Hanukkah lighting held at former Inquisition prison

Shavei Israel organization bring together Marranos for a historic event in Sicily at site where Jews were tortured

Lazar Berman is The Times of Israel's diplomatic reporter

Hanukkah lighting ceremony at the infamous Steri Prison in Palermo, Sicily, the former seat of the local Inquisition.  (photo credit: courtesy/ Shavei Israel)
Hanukkah lighting ceremony at the infamous Steri Prison in Palermo, Sicily, the former seat of the local Inquisition. (photo credit: courtesy/ Shavei Israel)

Jews lit Hanukkah candles in homes, synagogues, and public squares across the world this week. But on Wednesday night they took the annual ritual to an unlikely location — a Spanish Inquisition prison in which medieval Jews were tortured.

Shavei Israel, a nonprofit that aims to bring groups with Jewish ancestry to Israel and reconnect them to Judaism, organized the ceremony in Sicily’s Steri Palace Prison, which served as the seat of the chief tribunal of the Holy Inquisition in Sicily from 1601 to 1782.

Shavei Israel’s emissary to the Marrano, or Crypto-Jewish, community in southern Italy and Sicily, Rabbi Pinchas Punturello, led the Hanukkah candle-lighting ceremony. One hundred Crypto-Jews from the Palermo region joined as well.

The idea for the ceremony began germinating in Rabbi Punturello’s mind after he ran a seminar at Steri for Marranos in October. He reached out to Palermo’s mayor, who readily agreed to support the historic event.

“Centuries after the Steri Palace Prison was used to try and extinguish the light of Israel, we came here to show that the flame of Judaism continues to burn,” Shavei Israel founder and chairman Michael Freund said, according to a press release. “For 200 years, Jews were tortured within the palace’s walls, and many were then burned at the stake by the Inquisition for secretly practicing Judaism.”

“In the place where the darkness of the Inquisition once predominated, the flicker of our Hanukkah candles now prevails,” he added.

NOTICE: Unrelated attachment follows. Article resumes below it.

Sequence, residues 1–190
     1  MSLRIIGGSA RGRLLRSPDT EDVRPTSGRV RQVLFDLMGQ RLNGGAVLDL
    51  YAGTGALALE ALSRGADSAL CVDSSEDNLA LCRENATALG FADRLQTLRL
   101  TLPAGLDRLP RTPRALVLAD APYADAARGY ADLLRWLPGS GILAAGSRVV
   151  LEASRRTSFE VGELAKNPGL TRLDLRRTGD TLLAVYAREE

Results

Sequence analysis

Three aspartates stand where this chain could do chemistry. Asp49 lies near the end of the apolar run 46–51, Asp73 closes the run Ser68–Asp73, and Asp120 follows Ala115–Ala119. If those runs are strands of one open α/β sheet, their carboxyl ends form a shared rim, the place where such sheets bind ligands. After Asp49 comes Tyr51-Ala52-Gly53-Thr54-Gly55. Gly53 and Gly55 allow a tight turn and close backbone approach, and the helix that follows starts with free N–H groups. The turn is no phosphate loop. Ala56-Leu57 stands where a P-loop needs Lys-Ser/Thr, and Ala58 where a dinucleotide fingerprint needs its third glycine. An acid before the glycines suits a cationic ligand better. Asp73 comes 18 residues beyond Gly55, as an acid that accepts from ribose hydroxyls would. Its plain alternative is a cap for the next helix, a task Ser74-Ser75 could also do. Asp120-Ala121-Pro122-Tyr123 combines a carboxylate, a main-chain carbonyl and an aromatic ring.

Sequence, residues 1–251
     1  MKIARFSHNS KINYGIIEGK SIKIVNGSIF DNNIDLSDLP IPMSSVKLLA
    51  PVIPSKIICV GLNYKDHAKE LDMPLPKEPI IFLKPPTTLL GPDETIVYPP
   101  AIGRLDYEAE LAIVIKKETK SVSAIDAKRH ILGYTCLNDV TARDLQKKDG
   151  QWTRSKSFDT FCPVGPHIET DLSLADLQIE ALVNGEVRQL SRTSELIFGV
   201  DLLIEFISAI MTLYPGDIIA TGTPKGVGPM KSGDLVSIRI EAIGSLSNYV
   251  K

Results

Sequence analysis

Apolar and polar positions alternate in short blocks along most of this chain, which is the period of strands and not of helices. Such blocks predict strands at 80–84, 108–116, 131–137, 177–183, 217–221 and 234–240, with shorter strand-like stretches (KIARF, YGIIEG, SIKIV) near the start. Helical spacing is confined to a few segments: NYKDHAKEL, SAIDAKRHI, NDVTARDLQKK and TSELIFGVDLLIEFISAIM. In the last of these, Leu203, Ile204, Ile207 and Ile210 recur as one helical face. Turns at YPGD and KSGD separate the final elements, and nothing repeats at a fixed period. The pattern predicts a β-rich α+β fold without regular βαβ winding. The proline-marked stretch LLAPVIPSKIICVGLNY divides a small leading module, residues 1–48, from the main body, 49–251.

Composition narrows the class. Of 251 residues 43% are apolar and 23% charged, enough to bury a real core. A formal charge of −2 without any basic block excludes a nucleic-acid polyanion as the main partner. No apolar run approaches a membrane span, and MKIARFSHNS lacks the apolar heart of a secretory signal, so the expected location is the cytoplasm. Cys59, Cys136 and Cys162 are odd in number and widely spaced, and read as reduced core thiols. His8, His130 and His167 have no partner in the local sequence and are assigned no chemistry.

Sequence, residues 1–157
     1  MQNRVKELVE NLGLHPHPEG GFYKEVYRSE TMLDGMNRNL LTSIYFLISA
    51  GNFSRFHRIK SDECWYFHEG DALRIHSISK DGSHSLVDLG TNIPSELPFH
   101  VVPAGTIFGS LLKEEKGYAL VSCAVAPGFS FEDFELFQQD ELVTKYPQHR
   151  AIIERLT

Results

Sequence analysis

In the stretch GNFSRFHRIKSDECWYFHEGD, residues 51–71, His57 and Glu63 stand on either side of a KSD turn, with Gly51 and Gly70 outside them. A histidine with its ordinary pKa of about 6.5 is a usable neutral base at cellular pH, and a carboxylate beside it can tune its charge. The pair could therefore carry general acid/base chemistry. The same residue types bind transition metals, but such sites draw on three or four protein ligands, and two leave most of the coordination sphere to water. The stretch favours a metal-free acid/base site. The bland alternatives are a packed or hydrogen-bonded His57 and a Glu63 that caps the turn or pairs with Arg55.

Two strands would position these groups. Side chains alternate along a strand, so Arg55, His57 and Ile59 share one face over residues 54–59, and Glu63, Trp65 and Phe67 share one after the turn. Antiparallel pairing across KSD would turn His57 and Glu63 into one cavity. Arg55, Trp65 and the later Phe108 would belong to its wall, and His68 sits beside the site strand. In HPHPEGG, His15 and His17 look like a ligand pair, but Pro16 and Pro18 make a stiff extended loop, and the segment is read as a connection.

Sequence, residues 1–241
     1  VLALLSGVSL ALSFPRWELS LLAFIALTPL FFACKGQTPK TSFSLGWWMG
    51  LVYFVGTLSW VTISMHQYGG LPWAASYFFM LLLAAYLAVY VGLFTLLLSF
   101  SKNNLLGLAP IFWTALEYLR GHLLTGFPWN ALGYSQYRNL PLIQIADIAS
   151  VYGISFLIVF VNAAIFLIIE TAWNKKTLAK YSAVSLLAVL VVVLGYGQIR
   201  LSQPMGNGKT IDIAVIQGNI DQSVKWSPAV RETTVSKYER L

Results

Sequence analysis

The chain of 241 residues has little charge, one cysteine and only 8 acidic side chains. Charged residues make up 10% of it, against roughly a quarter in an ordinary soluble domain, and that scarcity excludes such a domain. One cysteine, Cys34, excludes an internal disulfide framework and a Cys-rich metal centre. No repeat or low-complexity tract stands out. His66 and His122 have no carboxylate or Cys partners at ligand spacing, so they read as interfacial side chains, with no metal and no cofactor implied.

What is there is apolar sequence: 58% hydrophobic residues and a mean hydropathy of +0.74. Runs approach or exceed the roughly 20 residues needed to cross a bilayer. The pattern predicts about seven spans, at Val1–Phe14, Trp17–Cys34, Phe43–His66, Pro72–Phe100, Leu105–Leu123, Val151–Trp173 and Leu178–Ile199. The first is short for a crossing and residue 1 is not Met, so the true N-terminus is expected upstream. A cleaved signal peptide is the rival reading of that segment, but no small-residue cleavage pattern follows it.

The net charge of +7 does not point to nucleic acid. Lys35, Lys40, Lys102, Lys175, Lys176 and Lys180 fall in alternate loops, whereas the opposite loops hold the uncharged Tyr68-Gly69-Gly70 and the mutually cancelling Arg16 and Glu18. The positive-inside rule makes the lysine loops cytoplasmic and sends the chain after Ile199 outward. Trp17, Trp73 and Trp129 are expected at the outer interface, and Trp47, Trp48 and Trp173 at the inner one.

The walls of the prison are known for graffiti left by the prisoners, some of them in blood or feces. Two inscriptions are written in Hebrew letters.

The history of Sicily’s Jews is long and complex. The community may stretch back to the Second Temple period, with some traditions saying that Jews who fell captive after the destruction of the Second Temple in 70 CE were exiled there. Noted sage Rabbi Akiva visited the island around 120 CE and found a Jewish community there. Sicily produced famous Jewish intellectuals and rabbis, who wrote about Jewish law, mathematics, poetry, and astronomy.

However, in the 14th century, Jews suffered under a series of edicts, and forced conversions became increasingly common. The island fell under the rule of the Crown of Aragon, whose monarch Ferdinand II played a central role in initiating the Spanish Inquisition, the brutal effort by Spanish Catholic rulers to enforce religious orthodoxy in their lands. The 1492 Edict of Expulsion ordered all remaining Jews, spread out across 52 local communities, out of the country. They were nearly all gone by the end of the year, and those who had been forcibly converted were forced to remain to face the horrors of the Inquisition.

read more:
Never miss breaking news on Israel
Get notifications to stay updated
You're subscribed